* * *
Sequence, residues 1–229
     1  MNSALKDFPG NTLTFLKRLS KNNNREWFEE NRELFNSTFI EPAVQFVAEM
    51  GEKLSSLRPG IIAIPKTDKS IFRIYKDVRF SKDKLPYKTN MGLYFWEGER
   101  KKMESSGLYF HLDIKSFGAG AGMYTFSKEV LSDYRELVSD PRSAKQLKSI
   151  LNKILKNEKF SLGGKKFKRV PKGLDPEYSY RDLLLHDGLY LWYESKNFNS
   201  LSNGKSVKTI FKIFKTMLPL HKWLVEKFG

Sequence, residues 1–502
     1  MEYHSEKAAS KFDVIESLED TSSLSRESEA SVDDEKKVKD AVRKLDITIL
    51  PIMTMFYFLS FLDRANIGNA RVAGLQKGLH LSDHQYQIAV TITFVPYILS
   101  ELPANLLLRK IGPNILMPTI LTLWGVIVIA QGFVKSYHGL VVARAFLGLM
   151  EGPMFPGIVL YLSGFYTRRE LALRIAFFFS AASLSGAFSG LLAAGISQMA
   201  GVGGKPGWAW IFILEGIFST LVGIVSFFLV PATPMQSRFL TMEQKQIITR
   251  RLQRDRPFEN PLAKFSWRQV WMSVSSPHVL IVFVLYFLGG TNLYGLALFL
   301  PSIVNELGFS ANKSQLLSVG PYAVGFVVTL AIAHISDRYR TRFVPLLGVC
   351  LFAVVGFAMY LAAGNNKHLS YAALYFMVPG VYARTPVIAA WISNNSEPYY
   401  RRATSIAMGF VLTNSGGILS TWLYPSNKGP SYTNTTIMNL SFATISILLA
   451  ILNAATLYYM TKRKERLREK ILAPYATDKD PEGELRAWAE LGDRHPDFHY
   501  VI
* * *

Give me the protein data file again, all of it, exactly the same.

Sequence, residues 1–229
     1  MNSALKDFPG NTLTFLKRLS KNNNREWFEE NRELFNSTFI EPAVQFVAEM
    51  GEKLSSLRPG IIAIPKTDKS IFRIYKDVRF SKDKLPYKTN MGLYFWEGER
   101  KKMESSGLYF HLDIKSFGAG AGMYTFSKEV LSDYRELVSD PRSAKQLKSI
   151  LNKILKNEKF SLGGKKFKRV PKGLDPEYSY RDLLLHDGLY LWYESKNFNS
   201  LSNGKSVKTI FKIFKTMLPL HKWLVEKFG

Sequence, residues 1–502
     1  MEYHSEKAAS KFDVIESLED TSSLSRESEA SVDDEKKVKD AVRKLDITIL
    51  PIMTMFYFLS FLDRANIGNA RVAGLQKGLH LSDHQYQIAV TITFVPYILS
   101  ELPANLLLRK IGPNILMPTI LTLWGVIVIA QGFVKSYHGL VVARAFLGLM
   151  EGPMFPGIVL YLSGFYTRRE LALRIAFFFS AASLSGAFSG LLAAGISQMA
   201  GVGGKPGWAW IFILEGIFST LVGIVSFFLV PATPMQSRFL TMEQKQIITR
   251  RLQRDRPFEN PLAKFSWRQV WMSVSSPHVL IVFVLYFLGG TNLYGLALFL
   301  PSIVNELGFS ANKSQLLSVG PYAVGFVVTL AIAHISDRYR TRFVPLLGVC
   351  LFAVVGFAMY LAAGNNKHLS YAALYFMVPG VYARTPVIAA WISNNSEPYY
   401  RRATSIAMGF VLTNSGGILS TWLYPSNKGP SYTNTTIMNL SFATISILLA
   451  ILNAATLYYM TKRKERLREK ILAPYATDKD PEGELRAWAE LGDRHPDFHY
   501  VI